CEO resignation, spying allegation — why India’s in middle of raging controversy in Mauritius
India Caught In Blamegame After Former Mauritius Telecom CEO Claims Mauritian PM Forced Him To Allow An ‘Indian Team’ Access To A Facility, With Aim To Install ‘sniffing Device’.
New Delhi: A major political controversy has been raging in the Indian Ocean island nation of Mauritius since June, which has dragged India right into the eye of the storm. While the Indian government has chosen to side with Mauritian Prime Minister Pravind Jugnauth, the imbroglio is deepening by the day.
It all started with the June resignation of former Mauritius Telecom (MT) CEO Sherry Singh. While stepping down, Singh, regarded as a key government insider and close confidant of Jugnauth, made a cryptic statement to his employees that said: “I am unable to continue without compromising my values and that is not an option for me.”
In interviews to the media, Singh subsequently made allegations about the Mauritian PM, hinting at India’s hand in a controversy surrounding the SAFE (South Africa Far East) cable, a 13,500-km submarine fibre optic cable connecting South Africa, Mauritius, La Réunion in France, India and Malaysia.
In two interviews given to the Le Défi Media Group and La Sentinelle, which were broadcast live, Singh alleged that PM Jugnauth had forced him to allow an “Indian team” to access a SAFE cable landing station at Baie-du-Jacotet, a prohibited area.
Singh also said that the PM’s main objective was to install a “sniffing” device that would spy on Mauritian internet traffic.
The country’s Central Criminal Investigation Department Special Cell is investigating the matter, on Jugnauth’s orders.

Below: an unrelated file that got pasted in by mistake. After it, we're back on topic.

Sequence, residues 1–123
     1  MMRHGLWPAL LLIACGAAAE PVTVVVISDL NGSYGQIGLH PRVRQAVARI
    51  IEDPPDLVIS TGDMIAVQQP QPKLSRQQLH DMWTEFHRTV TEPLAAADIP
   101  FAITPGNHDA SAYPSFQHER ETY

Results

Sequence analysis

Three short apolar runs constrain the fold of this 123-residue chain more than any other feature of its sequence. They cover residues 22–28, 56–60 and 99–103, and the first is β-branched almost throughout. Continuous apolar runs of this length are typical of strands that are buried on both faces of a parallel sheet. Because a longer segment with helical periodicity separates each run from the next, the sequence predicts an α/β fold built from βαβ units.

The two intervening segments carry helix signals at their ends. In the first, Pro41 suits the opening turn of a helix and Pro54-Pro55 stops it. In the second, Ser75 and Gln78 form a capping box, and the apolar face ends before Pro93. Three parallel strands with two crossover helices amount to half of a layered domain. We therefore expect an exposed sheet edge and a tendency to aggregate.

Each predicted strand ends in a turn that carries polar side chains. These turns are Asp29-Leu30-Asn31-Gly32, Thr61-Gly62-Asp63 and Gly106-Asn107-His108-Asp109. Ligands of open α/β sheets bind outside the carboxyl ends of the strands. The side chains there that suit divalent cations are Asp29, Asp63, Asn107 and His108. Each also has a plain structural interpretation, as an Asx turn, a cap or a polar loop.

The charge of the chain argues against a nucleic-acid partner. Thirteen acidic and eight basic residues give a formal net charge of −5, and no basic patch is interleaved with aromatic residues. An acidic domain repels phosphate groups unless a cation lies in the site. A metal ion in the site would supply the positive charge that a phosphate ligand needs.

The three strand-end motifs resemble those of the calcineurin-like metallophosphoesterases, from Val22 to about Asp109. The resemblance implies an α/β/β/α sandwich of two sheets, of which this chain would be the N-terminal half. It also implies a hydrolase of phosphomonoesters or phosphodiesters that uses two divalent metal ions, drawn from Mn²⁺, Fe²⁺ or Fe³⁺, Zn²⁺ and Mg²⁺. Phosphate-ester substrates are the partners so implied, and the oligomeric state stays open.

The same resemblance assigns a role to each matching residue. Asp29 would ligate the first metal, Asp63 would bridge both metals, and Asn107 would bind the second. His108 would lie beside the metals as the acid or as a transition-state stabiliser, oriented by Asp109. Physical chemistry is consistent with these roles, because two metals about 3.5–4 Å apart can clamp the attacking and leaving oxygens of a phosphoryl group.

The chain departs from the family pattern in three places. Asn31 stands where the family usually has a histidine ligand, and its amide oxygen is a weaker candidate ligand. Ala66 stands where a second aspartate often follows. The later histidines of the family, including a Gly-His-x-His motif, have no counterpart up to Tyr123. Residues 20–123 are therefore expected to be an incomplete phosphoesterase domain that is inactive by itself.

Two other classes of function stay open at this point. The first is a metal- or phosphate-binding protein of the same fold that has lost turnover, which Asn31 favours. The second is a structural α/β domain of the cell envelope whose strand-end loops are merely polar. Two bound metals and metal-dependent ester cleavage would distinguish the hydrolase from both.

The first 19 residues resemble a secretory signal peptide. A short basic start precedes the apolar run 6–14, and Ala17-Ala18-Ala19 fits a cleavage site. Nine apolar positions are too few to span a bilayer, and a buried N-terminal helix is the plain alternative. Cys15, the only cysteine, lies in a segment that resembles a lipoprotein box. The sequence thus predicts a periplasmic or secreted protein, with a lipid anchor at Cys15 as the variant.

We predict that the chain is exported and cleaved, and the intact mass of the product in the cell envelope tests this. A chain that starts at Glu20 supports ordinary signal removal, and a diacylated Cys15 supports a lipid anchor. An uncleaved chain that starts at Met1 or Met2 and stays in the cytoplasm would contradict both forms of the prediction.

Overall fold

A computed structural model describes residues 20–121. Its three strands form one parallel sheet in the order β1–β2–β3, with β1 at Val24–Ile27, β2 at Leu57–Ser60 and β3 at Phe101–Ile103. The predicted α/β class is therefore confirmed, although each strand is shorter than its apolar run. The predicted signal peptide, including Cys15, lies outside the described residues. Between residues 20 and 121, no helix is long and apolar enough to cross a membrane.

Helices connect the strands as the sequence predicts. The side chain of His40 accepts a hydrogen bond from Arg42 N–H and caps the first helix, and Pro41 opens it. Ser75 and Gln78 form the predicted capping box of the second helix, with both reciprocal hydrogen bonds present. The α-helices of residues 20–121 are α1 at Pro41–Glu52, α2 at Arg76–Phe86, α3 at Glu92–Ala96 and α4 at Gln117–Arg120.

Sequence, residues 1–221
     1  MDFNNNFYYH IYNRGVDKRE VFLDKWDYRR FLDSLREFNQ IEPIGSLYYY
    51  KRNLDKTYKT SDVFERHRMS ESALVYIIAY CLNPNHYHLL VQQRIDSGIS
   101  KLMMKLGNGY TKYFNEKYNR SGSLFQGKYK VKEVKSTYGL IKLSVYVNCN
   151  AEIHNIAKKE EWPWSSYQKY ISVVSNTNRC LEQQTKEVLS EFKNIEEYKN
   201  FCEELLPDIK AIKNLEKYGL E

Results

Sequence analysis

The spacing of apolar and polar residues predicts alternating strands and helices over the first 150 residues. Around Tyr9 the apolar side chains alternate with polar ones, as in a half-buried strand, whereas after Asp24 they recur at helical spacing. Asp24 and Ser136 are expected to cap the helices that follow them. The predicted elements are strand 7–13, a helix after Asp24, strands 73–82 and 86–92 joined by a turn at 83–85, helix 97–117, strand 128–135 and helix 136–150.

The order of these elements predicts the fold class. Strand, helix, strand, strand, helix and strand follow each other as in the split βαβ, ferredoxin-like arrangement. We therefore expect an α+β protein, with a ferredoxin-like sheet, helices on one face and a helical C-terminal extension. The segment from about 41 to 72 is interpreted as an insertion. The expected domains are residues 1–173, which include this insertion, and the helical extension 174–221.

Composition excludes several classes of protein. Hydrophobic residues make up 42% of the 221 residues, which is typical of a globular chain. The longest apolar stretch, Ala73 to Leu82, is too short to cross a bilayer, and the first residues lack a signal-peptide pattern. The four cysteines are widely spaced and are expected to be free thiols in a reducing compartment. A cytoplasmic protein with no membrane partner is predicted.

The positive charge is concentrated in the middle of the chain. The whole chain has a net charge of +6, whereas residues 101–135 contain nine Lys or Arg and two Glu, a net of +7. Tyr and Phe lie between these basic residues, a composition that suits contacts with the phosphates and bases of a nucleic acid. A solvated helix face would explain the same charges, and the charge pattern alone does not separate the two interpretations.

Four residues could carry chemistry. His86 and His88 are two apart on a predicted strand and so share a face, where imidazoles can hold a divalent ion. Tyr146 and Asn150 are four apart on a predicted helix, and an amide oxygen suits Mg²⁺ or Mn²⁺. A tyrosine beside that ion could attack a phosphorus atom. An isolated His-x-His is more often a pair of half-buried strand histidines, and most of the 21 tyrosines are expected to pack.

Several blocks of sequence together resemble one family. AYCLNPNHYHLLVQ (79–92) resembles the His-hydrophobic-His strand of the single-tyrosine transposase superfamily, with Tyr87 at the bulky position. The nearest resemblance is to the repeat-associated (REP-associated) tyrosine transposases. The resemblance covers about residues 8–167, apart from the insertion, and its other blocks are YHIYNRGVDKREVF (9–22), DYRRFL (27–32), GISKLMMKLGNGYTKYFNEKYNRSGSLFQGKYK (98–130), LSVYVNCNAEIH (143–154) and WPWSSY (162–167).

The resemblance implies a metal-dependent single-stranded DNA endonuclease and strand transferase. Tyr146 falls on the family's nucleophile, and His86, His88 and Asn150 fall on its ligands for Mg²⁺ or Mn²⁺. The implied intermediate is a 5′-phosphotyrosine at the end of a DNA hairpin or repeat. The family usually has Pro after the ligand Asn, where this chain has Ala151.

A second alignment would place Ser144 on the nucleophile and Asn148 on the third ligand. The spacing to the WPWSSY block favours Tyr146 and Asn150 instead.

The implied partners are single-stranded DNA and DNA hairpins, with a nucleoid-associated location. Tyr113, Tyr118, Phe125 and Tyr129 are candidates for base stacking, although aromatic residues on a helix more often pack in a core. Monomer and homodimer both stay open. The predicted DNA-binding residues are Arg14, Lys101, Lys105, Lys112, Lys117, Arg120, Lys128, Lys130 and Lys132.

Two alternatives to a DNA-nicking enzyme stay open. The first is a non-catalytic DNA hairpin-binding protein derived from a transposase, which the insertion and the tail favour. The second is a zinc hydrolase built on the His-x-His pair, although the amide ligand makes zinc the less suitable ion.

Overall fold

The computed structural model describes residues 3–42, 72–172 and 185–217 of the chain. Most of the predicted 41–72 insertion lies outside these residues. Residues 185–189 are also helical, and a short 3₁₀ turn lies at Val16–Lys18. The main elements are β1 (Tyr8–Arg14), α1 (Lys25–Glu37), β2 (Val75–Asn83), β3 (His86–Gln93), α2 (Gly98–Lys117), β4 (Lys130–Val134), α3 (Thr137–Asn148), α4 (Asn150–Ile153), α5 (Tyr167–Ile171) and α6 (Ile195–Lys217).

Asked about the issue, Ministry of External Affairs spokesperson Arindam Bagchi Thursday sought to downplay it. “I don’t know if I have the full details of that, but my understanding is that the prime minister of Mauritius has already made a statement. I really don’t have anything further to add to that. I think that’s good enough from our perspective,” he said.
Jugnauth responded to Singh’s allegations Thursday, while speaking to mediapersons. “Where is his irrefutable evidence, if he keeps his right to silence?” he asked.
The Mauritian PM also said, “When he accused me of doing something illegal, I expected him to go and give a statement to the police. He didn’t when I gave him time. So it was I who made a statement to the police.”
A new CEO will take over by early August, he added.
The former Mauritius Telecom CEO, who reportedly also has an interest in joining politics and is negotiating with opposition parties there, told the Le Défi Media Group: “With or without me, there will be a political tsunami.”
In an interview to the local media, Singh ruled out the role of India’s National Security Adviser Ajit Doval in the matter, but did say that “leader of the Indian team of technicians came for the cable”.
Asked why he allowed the cable to be accessed, Singh said, “The prime minister is the supreme leader, I had to obey orders. But I could not accept that a third party has access to private data, because it would be a betrayal.”
Opposition blames India, Mauritian NSA under fire
The opposition parties of Mauritius have latched onto the controversy and resorted to India bashing of sorts, raising questions on why the current NSA of their country, Kumaresan Ilango, is an Indian and not a Mauritian.
A 1982-batch IPS officer, Ilango was the frontrunner for the post of India’s Research and Analysis Wing (RAW) chief in 2018. He was the station commander at the Indian High Commission in Sri Lanka, where he was allegedly blamed for playing a role in ousting their former president Mahinda Rajapaksa.
In September 2021, he was appointed by Jugnauth as the NSA of Mauritius. It was he who steered Mauritius to become a member of the Colombo Security Conclave on maritime security cooperation along with India, Sri Lanka and Maldives, at a meeting held in March this year.
Earlier this week, Reza Uteem, a leader of the opposition Mauritian Militant Movement (MMM), sought to link the controversy with Ilango’s appointment.
To this, the PM replied that while the controversy is under investigation, the NSA was appointed following a “request by the Indian government”.
Responding to Uteem, the PM also said, “What have you got against India?…It is regretful that some people in the opposition are indulging themselves in systematic India bashing to pursue their sinister agenda.”